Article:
For example, the city had prior notice in at least 10 of the 56 cases related to dangerous conditions resulting in injury in 2009. Had the condition been fixed beforehand, the claim would have been prevented.
The auditors also said the city’s inadequate review of its insurance policies could be costing the city money.
Tracking of insurance coverages and limits is informal and not documented, the auditors found, saying, as a result, the city risks purchasing unnecessary or insufficient insurance coverages and paying excessive premiums.
The city is self-insured up to $4 million per case - double what the city paid before 2008. Also since 2008, liability insurance premiums increased 42 percent, from $4.9 million in FY 2008 to $7.1 million in FY 2010, according to the audit.
Officials with one of the city’s insurance carriers, American Insurance Group Inc. (AIG), did not return a call seeking comment. Goldstone said the city’s multiple insurers were spooked by multiple ongoing investigations of city finances and “a lot of the activities going around the previous city attorney (Michael Aguirre) and the fact of how sort of sue happy he was.”
The city’s Risk Management Director, Greg Bych, said the city’s rates increased because the city had suffered large losses and was involved in a lot of litigation at the time.
However, an AIG expert attributed rate hikes to the extreme financial troubles within AIG that resulted in a $182 billion government bailout.
“It’s completely in keeping with the financial stress that AIG is suffering,” said Thomas Gober, a certified fraud examiner, former state insurance regulator and FBI consultant who is part of several legal teams investigating AIG. “If an insurance company is in stress, there are really only two things they can do: Increase the premiums coming in, and decrease the claims going out.”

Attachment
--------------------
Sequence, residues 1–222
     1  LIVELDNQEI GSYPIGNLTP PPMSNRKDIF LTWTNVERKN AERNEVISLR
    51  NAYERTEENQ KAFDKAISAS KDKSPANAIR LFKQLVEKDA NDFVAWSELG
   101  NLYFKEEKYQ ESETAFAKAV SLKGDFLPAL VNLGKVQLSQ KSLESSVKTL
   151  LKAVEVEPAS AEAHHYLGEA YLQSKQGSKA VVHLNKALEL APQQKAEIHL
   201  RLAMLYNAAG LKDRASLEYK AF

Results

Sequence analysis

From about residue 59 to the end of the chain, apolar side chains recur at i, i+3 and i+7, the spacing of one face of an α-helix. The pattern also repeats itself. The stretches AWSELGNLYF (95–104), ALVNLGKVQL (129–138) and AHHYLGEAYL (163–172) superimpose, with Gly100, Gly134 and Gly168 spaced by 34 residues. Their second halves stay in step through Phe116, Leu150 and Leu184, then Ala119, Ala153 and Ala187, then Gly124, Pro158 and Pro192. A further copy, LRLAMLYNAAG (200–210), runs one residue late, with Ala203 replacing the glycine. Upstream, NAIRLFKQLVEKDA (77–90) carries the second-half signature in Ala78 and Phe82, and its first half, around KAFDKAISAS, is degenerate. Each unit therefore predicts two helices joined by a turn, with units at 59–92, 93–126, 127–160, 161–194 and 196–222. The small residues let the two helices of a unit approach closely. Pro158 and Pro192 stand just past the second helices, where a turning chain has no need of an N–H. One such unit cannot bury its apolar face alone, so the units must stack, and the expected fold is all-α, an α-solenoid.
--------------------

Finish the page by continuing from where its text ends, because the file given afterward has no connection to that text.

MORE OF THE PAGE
The auditor also found that the fund from which claims and lawsuits are paid is $49 million less than the $59 million it should be, which means the city has not set aside enough money to cover what it expects to pay out in claims and lawsuits. The mayor’s office told the auditor it hoped to make up half that amount by 2014, and so far has been able to put $7 million more into the fund, but cautioned that “this goal is presently being reassessed given the economic downturn and continued decline in general fund revenues.”
Goldstone said the underfunding is not unusual or alarming. In fact, he said, it was deliberate.
“We didn’t add money to the general fund or workers’ comp or the public liability reserve and we felt very comfortable not doing that and yet not creating any greater exposure or risk to the city,” Goldstone said. “It was either that or not funding some other programs.”
No decisions have been made for the next budget, he said. He estimated the reserve account was 15 to 20 percent funded.
Mayor Jerry Sanders declined to comment for this story and referred inquiries to Goldstone.
Councilman Carl DeMaio said he is concerned the auditor’s recommendations will not be implemented because of budget constraints and because the report was not well-received by the Risk Management department and the mayor’s office, which oversees it.
“Take a look at the money that we are shelling out,” he said. “These are considerable losses and every dime that is paid out is a dime less toward actual provision of services to taxpayers.
“It’s reflective of poor management controls that we see in every city department,” DeMaio said. “I see this report as a call to action that we need to fundamentally rethink city government…It’s so important that if you don’t fix Risk Management, it will undermine our ability to restore the city’s finances.”
City Attorney Jan Goldsmith said when he took office in 2008, he was shocked by the amount of money spent on outside counsel.
“It was huge, and it was obvious that we had to rebuild the law firm…and make it to a point where we have confidence to handle these cases in house…It was a terrible waste of taxpayer dollars to use Latham & Watkins essentially as a division of the city attorney’s office.”
Two years ago, Goldsmith said, the city was paying Latham & Watkins $750 an hour, a figure he called “outrageous.” His own attorneys make about $49 an hour.
Goldsmith said he negotiated Latham down to $550 an hour on the cases they were already handling. He said he was ethically compelled to continue to retain outside counsel on some ongoing cases because it would have been more costly to start over with another lawyer. Goldsmith said he has only hired outside counsel on a couple of new cases, none from the Latham firm. In fact, expenses for outside counsel decreased from $11.9 million in 2009 to $2.7 million in 2010 through Oct. 28.